My last several posts described research relating health insurance to labor market participation. That’s one vector for job lock—health insurance incentivizing entering or staying in the labor force. But there’s another, and more commonly studied, vector for job lock—staying with a particular firm for the coverage it offers, stifling job mobility (aka, affecting job choice or job turnover).

    Gruber and Madrian surveyed 18 papers in this area, finding a mixed literature. Six studies found statistically significant results consistent with job lock. Six returned only statistically insignificant results. Results in six other studies were mixed or could not be evaluated.

    A principal challenge in the study of the effect of health insurance on job mobility is that it’s difficult to disentangle whether someone has declined to switch jobs because of health insurance or, instead, because of other job-related factors. Confounding arises because some job-related factors (e.g., other benefits) are correlated with the availability of employer-sponsored insurance. If an employee stays at a firm that offers ESI, is that because he prefers the other benefits of working at that firm? Or because of the ESI? How could you tell?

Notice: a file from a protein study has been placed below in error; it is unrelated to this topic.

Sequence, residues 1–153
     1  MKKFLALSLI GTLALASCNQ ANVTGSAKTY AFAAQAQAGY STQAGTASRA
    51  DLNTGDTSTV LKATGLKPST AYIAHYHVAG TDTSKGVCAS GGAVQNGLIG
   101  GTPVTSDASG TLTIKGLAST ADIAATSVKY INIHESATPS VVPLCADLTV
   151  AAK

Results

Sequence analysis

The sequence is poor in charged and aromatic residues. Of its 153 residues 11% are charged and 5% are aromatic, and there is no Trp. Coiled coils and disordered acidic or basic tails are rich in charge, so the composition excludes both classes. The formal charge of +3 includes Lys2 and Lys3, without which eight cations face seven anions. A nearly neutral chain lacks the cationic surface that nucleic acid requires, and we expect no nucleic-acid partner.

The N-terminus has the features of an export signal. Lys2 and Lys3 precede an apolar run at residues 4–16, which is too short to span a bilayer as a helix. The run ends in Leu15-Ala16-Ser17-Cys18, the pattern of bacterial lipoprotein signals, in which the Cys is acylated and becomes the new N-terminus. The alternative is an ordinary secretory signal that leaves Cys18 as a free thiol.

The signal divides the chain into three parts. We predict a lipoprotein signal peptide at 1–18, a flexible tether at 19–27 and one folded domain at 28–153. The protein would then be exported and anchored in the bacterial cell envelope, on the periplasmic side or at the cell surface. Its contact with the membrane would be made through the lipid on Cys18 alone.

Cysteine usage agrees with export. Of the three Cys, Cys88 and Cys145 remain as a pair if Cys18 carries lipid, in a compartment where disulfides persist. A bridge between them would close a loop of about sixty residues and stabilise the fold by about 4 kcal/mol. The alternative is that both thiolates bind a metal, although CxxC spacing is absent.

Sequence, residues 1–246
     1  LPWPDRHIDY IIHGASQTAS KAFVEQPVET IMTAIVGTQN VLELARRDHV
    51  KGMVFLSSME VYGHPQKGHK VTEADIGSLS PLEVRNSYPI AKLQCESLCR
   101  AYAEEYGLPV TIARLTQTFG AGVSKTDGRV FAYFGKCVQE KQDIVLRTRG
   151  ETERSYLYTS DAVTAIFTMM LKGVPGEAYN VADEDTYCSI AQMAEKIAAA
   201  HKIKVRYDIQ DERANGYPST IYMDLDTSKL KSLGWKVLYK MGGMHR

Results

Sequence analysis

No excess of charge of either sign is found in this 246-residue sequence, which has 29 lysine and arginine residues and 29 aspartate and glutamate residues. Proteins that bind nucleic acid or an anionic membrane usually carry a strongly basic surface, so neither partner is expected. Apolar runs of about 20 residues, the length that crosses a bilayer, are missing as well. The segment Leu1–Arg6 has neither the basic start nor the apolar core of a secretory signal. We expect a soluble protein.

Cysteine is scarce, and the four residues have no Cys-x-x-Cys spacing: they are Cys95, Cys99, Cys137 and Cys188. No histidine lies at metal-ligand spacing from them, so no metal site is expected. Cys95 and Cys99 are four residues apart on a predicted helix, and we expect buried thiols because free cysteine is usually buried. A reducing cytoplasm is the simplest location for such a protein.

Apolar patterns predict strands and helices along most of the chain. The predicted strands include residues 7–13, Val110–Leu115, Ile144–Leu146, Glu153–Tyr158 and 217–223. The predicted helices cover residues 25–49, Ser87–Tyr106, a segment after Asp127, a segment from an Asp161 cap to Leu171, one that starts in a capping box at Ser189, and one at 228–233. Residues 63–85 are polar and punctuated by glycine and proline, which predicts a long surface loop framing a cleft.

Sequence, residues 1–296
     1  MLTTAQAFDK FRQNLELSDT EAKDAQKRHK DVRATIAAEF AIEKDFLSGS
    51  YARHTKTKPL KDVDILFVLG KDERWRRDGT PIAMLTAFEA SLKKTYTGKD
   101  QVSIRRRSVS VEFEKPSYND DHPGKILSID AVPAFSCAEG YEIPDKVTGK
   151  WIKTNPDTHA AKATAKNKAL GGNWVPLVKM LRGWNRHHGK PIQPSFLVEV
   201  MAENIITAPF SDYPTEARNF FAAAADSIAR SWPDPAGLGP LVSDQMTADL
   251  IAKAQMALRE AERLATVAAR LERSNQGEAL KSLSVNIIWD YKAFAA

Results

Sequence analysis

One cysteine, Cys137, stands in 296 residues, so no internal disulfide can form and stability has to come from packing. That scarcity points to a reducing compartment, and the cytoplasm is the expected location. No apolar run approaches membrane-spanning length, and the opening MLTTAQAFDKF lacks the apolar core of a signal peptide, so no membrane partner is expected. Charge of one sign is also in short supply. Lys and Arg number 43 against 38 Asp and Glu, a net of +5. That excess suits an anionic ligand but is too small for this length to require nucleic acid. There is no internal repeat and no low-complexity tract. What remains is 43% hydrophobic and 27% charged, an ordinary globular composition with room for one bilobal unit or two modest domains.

The identification strategy pursued in almost all of the other analyses of job turnover has been to compare the probability of job departure or turnover of otherwise observationally equivalent employees who differ only in the value that they are likely to place on a current employer’s health insurance policy. Various measures of the value of health insurance have been used. These include: [1] Health insurance coverage from a source other than one’s current employer, most often through a spouse or some sort of continuation coverage such as COBRA; [2] Family size; [3] Health conditions; [4] Health status. [References to papers employing each of these measures omitted.]